detaching the connection between said control rod and said control rod driving member and removing the latter from said housing;
cutting said housing in the circumferential direction of the housing at a portion thereof positioned between the weld joint and the inner surface of said lower end plate and surrounded by said cylindrical sleeve, thereby to divide said housing into a first housing part attaching to the weld joint and another removable housing part;
removing said removable housing part;
inserting a second housing part into said cylindrical sleeve through said lower end plate and forming a weld groove between the cut end of said first housing part and the adjacent end of said second housing part;
effecting an inert gas arc welding at said groove to unit said first housing part, second housing part and said cylindrical sleeve thereby to form a new housing for the control rod driving system.
5. A method of repairing the housing of a control rod driving system as claimed in any one of claims 1 to 4, wherein said weld joint at which said first housing part is jointed to said cylindrical sleeve is provided at the axially inner end of said cylindrical sleeve.
6. A method of repairing the housing of a control rod driving system as claimed in any one of claims 1 to 4, wherein the cutting of said housing is effected in such a manner that the cut edge of said first housing part constitutes a portion of the welding bevel.
7. A method of repairing the housing of a control rod driving system as claimed in any one of claims 1 to 4, wherein said second housing part is made of a stainless steel consisting essentially of, by weight, 0.02% or less of C, 1.00% or less of Si, 2.00% or less of Mn, 0.045% or less of P, 0.030% or less of S, 10.00 to 14.00% of Ni, 16.00 to 18.00% of Cr, 2.00 to 3.00% of Mo, and the balance Fe and inevitable impurities.
8. A method of repairing the housing of a control rod driving system as claimed in any one of claims 1 to 4, wherein the welding wire used in the welding is an alloy welding wire consisting essentially of, by weight, 0.02% C, 0.06% Si, 3.22% Mn, 19.00% Cr, 2.4% Fe, 0.01% Mo, 2.72% Nb, and the balance Ni and inevitable impurities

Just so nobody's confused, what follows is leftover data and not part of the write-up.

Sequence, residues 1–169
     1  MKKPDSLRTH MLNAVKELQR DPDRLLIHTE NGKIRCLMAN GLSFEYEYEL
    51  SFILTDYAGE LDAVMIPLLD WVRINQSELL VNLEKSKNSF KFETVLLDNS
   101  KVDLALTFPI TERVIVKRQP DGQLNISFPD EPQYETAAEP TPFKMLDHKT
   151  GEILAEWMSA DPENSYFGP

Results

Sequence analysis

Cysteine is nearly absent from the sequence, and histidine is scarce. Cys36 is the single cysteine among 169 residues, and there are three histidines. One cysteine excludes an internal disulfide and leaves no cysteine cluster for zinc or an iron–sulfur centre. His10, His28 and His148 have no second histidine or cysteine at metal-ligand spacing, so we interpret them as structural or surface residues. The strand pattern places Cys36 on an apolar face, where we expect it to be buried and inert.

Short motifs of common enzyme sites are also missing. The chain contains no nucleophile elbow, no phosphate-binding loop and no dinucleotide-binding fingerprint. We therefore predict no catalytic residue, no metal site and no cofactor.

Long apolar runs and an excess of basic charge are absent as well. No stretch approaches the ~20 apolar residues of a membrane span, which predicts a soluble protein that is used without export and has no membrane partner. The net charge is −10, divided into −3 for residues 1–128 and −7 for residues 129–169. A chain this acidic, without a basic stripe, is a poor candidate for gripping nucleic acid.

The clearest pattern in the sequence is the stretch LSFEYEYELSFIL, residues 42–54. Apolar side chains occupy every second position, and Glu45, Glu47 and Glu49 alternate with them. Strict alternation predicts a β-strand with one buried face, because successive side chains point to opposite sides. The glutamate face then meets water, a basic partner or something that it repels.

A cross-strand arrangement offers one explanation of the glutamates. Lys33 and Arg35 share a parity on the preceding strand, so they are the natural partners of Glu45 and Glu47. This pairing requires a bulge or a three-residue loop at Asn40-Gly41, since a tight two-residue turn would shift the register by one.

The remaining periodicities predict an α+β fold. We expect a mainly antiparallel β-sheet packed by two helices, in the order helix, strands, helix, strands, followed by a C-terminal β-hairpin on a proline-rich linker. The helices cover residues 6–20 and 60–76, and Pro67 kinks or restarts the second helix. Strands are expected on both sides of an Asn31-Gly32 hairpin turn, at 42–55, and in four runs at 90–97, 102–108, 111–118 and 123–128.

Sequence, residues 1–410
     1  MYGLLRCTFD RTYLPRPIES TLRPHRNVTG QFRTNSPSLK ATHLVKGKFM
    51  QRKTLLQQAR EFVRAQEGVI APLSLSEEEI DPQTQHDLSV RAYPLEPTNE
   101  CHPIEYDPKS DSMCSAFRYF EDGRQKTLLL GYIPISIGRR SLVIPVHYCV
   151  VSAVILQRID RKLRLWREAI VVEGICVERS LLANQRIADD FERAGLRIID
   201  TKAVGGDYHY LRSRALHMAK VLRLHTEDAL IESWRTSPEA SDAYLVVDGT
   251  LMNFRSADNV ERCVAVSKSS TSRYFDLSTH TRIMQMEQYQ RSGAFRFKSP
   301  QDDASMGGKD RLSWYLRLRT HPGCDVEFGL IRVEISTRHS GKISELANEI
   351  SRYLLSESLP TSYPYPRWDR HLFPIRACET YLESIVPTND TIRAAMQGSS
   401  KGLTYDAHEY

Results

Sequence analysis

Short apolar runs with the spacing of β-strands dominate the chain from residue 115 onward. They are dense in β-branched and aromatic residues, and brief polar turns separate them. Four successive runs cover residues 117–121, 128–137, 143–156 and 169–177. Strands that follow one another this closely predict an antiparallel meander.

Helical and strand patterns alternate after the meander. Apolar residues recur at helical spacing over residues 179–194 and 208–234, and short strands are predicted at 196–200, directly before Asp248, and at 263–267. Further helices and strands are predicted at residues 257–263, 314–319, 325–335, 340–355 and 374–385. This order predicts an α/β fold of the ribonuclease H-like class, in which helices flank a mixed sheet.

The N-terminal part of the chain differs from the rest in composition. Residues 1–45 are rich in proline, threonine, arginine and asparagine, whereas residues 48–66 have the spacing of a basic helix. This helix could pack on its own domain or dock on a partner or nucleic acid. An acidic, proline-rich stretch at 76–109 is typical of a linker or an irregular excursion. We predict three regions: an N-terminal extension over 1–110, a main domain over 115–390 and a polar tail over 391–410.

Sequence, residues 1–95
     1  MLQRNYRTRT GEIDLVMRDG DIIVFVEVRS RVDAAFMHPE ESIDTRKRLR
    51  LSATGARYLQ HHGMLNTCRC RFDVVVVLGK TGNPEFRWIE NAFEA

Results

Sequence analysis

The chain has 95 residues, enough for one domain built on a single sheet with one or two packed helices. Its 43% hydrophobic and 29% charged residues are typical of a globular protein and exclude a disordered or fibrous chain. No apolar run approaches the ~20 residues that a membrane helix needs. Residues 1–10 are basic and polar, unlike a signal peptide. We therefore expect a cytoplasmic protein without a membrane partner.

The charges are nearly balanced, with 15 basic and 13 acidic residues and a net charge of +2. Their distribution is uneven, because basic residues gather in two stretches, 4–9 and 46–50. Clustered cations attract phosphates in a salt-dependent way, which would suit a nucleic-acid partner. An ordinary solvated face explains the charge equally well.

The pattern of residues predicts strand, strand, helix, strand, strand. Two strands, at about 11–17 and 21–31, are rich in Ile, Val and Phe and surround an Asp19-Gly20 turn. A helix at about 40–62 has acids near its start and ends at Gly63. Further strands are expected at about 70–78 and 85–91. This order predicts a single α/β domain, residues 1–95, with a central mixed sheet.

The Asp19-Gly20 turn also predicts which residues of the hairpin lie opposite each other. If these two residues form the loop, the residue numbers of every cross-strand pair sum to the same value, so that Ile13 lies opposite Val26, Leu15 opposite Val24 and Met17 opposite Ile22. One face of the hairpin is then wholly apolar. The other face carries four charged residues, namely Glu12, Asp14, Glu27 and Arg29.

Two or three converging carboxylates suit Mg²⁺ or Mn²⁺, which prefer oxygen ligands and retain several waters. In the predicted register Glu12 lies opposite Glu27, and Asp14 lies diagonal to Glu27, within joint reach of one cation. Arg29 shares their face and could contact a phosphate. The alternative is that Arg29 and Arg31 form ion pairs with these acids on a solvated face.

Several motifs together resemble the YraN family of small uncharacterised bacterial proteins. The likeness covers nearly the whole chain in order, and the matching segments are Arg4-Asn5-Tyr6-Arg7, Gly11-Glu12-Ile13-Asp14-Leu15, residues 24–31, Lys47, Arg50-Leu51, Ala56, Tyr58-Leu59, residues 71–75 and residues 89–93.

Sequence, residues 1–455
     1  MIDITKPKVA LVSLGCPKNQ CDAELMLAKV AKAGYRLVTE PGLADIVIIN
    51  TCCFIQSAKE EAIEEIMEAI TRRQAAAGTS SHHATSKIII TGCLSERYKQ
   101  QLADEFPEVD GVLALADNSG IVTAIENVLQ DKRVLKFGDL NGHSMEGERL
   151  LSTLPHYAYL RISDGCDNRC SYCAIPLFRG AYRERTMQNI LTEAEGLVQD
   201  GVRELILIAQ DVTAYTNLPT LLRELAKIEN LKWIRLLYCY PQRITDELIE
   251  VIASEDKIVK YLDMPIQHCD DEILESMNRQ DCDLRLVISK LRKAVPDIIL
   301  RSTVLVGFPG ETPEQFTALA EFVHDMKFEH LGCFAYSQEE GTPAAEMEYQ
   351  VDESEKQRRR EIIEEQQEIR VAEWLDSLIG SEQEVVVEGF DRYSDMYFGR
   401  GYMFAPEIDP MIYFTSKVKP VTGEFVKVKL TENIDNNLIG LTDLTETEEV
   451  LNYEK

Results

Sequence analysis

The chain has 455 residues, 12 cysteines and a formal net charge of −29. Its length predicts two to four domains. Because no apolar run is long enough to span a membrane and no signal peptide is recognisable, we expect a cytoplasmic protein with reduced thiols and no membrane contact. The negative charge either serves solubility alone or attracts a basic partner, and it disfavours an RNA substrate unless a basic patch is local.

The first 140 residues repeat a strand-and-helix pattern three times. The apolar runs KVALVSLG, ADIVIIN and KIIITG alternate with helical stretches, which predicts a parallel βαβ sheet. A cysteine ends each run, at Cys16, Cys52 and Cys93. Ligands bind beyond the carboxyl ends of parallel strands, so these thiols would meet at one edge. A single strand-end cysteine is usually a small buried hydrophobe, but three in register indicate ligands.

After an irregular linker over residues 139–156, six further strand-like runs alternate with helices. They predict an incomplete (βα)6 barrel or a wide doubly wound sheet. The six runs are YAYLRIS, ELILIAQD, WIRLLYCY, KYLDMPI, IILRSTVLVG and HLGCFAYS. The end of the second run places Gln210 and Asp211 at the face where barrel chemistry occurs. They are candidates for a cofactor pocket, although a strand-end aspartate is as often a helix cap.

9. A method of repairing the housing of a control rod driving system as claimed in any one of claims 1 to 4, where said previously mentioned steps are performed after determining the likelihood of the occurrence of stress corrosion cracking in said housing that is provided of stainless steel as caused by the generation of chromium lacking layer along the HAZ crystal boundary by said welding, the presence of high tensile stress in excess of 0.2% of the yield strength of the stainless steel in said boundary and the presence of a corrosive environment; and wherein said step of uniting bonds the entire periphery of said second housing part to said cylindrical sleeve by welding.
Description

The present invention relates to a method of repairing the housing of a control rod driving system.

Recently, the problem of stress corrosion cracking of austenite stainless steel pipe such as of AISI 304 has become noticeable in boiling water reactors, and various countermeasures have been taken to avoid the stress corrosion cracking.

As will be seen from FIG. 1, the crystal grain boundary type stress corrosion cracking is generated in the heat affected zone (referred to as HAZ, hereinafter) of austenite stainless steel pipe when the following three conditions are met simultaneously. These conditions are: (1) presence of high tensile stress in excess of 0.2% yield strength; (2) generation of chromium lacking layer along the HAZ crystal boundary (this is referred to as sensitization) and (3) presence of corrosive environment such as dissolved oxygen. Namely, in FIG. 1, the hatched area 4 represents the region where the stress corrosion cracking takes place. In other words, the stress corrosion cracking does not take place when at least one of these three conditions is lacking.

The mechanism of the stress corrosion cracking will be described in more detail with reference to a piping by way of example. FIG. 2 illustrates the state of pipes made of an alloy having high carbon content such as AISI 304 stainless steel, welded to each other by natural cooling type welding in which no positive cooling such as filing of the pipe interior with water is adopted. After the welding, a high residual tensile stress (characteristic curve 10) of an order of several tens of Kg/mm2 is generated in the inner surface of the welded pipes due to the thermal stress attributable to the temperature difference across the pipe wall and due to the angular distortion (shrinkage of pipe 5). The 0.2% yield strength is denoted at a numeral 11. At the same time, in the HAZ 7 near the weld joint 6, chromium is combined with carbon to form a chromium carbide to generate a chromium lacking layer. Such an AISI 304 stainless steel pipe is replaced with another stainless steel pipe having low carbon content or a pipe of ordinary carbon steel.